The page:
The morning seemed to start later than it should – that meant it was probably a Sunday or maybe a Saturday or maybe one of those weird random days, the ones that followed no clear pattern. These random days were the days Hotpot most dreaded. The Sundays and Saturdays, as far as the sheep could discern, had an irregular sort of rhythm to them, it wasn’t as comfortable as the ordinary days when everything happened when it was supposed to and was roughly consistent and sort of reliable. Those other, random and eccentric days went their own way and were scary. They kept the Grey Horse in a state of constant anxiety and Hotpot on red alert all the way until teatime, which was usually much later than it should be. On those wild days, you just never knew who would come into the field or how dangerous they might be with their touchy feely, feeding, peering, patting and constant chit chat chittering: “look oh look he has no real horns”.
After a few moments of muffled conference together Hotpot and the Grey Horse decided it was probably a Sunday. The day before, breakfast had also arrived late and the day had been filled with busy sawing and the shrill, intermittent screams of miscellaneous power tools. Indeed despite the fact that breakfast was barely over, the squally noises, the banging and rattling were already beginning. And it was occurring suprisingly close to the sheep and the Grey Horse’s field. Intrigued they stayed near to the gate to observe the carryings on at close hand.
Lucy and her boyfriend were fencing the area of scrubby ground surrounding the oil tank, a failed rockery and what was left of last year’s potato patch. They were struggling with a roll of orange netting, she giggling and excited, he solemn, methodical and quiet. He was hooking up the fence to a black box, much like the one often used to section off bits of the sheep and the Grey Horse’s field. The Grey Horse shook his head. “Why are they putting up a biting fence?” he said and Hotpot turned away and went to get a drink of water, already bored with the orange netting, the box and the noise. The Grey Horse stayed pondering his question for a few moments, before also forgetting what it was that was so interesting and turning to follow his friend.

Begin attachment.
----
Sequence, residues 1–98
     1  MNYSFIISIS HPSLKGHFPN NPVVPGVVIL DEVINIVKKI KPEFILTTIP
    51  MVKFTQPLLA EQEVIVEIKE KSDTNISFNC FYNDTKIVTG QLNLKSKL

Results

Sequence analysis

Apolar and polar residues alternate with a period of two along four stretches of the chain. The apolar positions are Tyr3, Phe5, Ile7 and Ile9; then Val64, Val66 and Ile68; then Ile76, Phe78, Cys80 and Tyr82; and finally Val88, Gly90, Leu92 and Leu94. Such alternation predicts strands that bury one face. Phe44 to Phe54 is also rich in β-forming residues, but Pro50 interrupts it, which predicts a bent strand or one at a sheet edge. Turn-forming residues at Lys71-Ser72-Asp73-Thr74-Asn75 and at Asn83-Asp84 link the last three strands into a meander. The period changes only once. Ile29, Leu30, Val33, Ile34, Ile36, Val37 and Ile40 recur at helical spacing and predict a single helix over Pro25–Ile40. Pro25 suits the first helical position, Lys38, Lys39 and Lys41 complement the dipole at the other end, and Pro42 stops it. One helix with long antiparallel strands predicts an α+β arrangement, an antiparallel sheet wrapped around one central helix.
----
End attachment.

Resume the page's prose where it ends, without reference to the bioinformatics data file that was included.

Daisy came out of the house and sauntered over to watch them as they worked. Her long blonde hair a muddled tangle and no shoes on her feet, she clutched at her tea cup and said: “Are you really doing it? Are you really going to do it?” “Yes of course we are” her mother squeaked, profoundly excited and barely able to keep from jumping up and down. “Are you happy with that Paul,” said the girl, the merest hint of disbelief in her voice. He mumbled something back about supposing so, before setting his circular saw to its work.
By the time it all went quiet and the people had gone in to lunch Hotpot and the Grey Horse had gotten sufficiently used to the squealing and banging that it was no longer interesting. They peered across the gate at the old woodshed which now had a shiny new corrugated roof, a functioning door and a floorfull of woodshavings. The banging soon started up again and they heard Lucy say: “shall we go and get them, will you be finished in time.” Paul looked up from his work and said with a resigned sigh: “I suppose so. How long will you be?” “Don’t know. I’m not sure if I’ll find the place easily. I’ll ring you when we’re on the way back.” With that, she turned, called to Daisy and scurried off down the drive. A few moments later the roar of the mighty Discovery carried them off and into the beyond.
“Well” said the Grey Horse, “what’s going on? They never go anywhere except together”. “Who knows,” grumbled the sheep knowing that this random day was already getting out of hand. After all, no-one had been in the field to pick up the poos, and it was getting on for the Grey Horse’s teatime and yet, there she was off out and about. She might be hours and hours and even not come back until dark. It was all most distressing, and made his job of keeping the Grey Horse calm, even more worrisome. When would she come home?
Hotpot fretted for a little while before deciding it was time to sit and chew his cud. He plomped down to catch the late afternoon sun and started to doze dreaming of her return and the resumption of normal teatime service. Before long the Grey Horse was chewing at his fleece to wake him up: “Look” he said, “they’re back, and they’ve got a box”. The pair hurried over to the fence to get a better look at the box. “Is it ready” Lucy squeaked excitedly, “can we let them out?” “Not yet” he said, “but soon”, fiddling with final adjustments to the little shed and the fencing.
The cardboard box shuffled a little to the side on the drive where it had been left. “Keep back,” said Hotpot to the Grey Horse, “who knows what evil lurks in that box.” The Grey Horse sniffed the air and said, “I don’t think it’s evil, but I don’t at all know what it is”. As he said this a small brown feathered head popped up from gap in the folded panels of the top of the box and a beady eye took a long slow survey of the scene. Suddenly it was gone and the box seemed to shimmy slightly. They all stared: Hotpot, the Grey Horse, Lucy, Daisy and Paul. The Calder hen completely ignored her sisters who were telling her in no uncertain terms to keep her head down and not to fidget, and popped up her head again, this time staring straight and unblinkingly at all of them. “This is Ruby” Lucy said “Ruby and her sisters Scarlett and Agda have come to stay.”